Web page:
Cue Pomp and Circumstance. Get out the caps and gowns. Bring the horns and cowbells.
Graduation is right around the corner for many seniors in college, along with those who are completing associate's, master's, and doctoral degrees. This achievement is typically capped by a commencement ceremony in which students are recognized individually and diplomas are distributed in a formal setting. If you've never attended a college commencement, here are 6 things to expect so that you'll be prepared for this exciting event:
1. There will be a crowd.
Whether your son, cousin, or spouse is graduating from a major state university or a small college, there's a high probability you will be dealing with an event attended by lots of people. Therefore, it's best to arrive early, find parking close by, and grab your seat in the venue. Many graduating students have multiple family members and friends attending. Plus, faculty members often attend these ceremonies, along with other school representatives from faculty and administration. This is why you have to plan ahead and expect a large crowd.
2. It's typically a formal event.
It doesn't matter if you're attending the graduation ceremony of someone earning an Associate of Arts degree or DBA. In all cases, a graduating student has worked hard to earn his or her degree and has earned the right to be in the spotlight in a nice environment. What this means is that you should dress to impress for this day. You should also act respectfully to all of the graduates and their support members in attendance. It may be best to put the smartphone away as well. This is a special time that deserves special attention.
3. You'll hear a commencement speech – and plenty of other talking.
A longstanding tradition of commencement is to hear a speech from at least one graduating student. This speech may be 10-15 minutes, and there may be a few speeches in some cases. Plus, if you're lucky enough, you might hear from a well-known alumnus or someone of notoriety who delivers a commencement address as an invited guest. In addition to more formal speeches, schools often have a number of representatives speak, present awards, and offer up their congratulations to the graduating class on hand. As such, these ceremonies can linger on a bit with a constant stream of speakers and others going to the podium for various reasons.
4. Be ready to test your patience.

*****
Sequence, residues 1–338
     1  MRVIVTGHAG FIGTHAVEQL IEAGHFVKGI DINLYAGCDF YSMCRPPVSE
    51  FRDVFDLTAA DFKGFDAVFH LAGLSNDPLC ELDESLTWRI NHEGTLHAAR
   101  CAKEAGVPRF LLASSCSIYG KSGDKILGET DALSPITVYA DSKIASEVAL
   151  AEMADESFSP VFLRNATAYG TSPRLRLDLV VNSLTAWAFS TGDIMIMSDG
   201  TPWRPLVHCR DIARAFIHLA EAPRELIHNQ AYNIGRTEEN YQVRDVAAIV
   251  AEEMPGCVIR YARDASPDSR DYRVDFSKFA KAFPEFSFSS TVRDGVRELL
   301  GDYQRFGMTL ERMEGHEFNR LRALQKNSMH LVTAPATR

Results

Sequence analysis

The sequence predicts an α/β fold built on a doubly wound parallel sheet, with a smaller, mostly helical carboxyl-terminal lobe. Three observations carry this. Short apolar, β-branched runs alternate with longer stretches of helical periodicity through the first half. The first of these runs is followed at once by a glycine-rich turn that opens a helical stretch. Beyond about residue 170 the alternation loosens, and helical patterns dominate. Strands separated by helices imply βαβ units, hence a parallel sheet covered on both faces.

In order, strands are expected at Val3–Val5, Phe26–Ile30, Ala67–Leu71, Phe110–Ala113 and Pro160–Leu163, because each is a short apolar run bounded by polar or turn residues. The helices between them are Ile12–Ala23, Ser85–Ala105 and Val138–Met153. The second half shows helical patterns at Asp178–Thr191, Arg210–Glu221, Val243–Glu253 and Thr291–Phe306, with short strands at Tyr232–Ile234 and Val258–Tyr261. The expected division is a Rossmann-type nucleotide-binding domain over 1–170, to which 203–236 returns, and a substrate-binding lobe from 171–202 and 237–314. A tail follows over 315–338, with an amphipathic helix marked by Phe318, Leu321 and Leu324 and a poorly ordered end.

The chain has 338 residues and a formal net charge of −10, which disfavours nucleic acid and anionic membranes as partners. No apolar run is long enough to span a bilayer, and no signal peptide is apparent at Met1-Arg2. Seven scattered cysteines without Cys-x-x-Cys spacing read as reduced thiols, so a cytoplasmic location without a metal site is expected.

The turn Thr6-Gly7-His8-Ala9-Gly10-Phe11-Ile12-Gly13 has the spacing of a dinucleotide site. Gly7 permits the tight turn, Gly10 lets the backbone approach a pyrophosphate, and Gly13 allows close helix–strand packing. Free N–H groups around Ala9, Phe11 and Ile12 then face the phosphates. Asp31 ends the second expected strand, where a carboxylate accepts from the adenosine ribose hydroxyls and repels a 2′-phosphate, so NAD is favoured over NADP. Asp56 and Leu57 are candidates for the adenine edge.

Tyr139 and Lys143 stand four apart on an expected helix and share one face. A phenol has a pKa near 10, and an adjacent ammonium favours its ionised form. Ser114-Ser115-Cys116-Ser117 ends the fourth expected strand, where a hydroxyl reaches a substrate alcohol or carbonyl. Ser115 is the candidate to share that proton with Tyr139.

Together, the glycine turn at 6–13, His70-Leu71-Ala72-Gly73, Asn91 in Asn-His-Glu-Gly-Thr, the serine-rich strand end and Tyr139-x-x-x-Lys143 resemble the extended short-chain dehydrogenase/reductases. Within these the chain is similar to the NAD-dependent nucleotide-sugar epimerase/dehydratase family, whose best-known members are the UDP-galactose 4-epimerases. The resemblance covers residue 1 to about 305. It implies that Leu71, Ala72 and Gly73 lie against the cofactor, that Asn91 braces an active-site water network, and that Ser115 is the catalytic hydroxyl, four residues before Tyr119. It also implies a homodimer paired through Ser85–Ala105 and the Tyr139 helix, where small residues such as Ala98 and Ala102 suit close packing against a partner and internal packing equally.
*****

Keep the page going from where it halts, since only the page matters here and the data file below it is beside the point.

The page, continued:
As implied earlier, some commencement ceremonies can be long-winded and take several hours before all graduates have walked across the stage. This ultimately depends on how large of a graduating class is present and how long the speakers take to deliver their messages. Of course, some colleges and universities hold graduation ceremonies for specific schools and majors, so one ceremony may only be for human services majors, while another could be for the entire university. Keep in mind that many ceremonies recognize graduates alphabetically by their last name. So, this can be a bit of a guide on how much longer a ceremony will go based on where it is at a certain point in the alphabet.
5. There's usually some emotion.
Bring the tissues because they might come in handy. Commencement ceremonies can be emotional because of what this occasion represents. It certainly marks the end of a journey that has been several years in the making. But it also can signal the start of an optimistic future ahead that can include some uncertainty. Just remember that this should be a happy and proud moment for all involved in the ceremony.
6. Reactions from family members and friends can be interesting.
With some emotion at play, the reactions to hearing the name of a graduate announced can be interesting – to say the least. You might hear parents and siblings shout out the name of a soon-to-be-alumnus. You might hear some loud applause. You might even hear one of those little horns being sounded, some cowbells being rung, or other various congratulatory sounds. Don't be caught off-guard by these outbursts of joy.
7. Cameras are generally allowed in most cases.
Unlike certain events where ushers are on the lookout for attendees with still and video cameras, you're generally permitted to bring in a camera to capture your graduate making that long-awaited trip across the stage. Of course, with smartphones these days, you might not need a separate device, but you should be able to bring it in and use it if you'd like.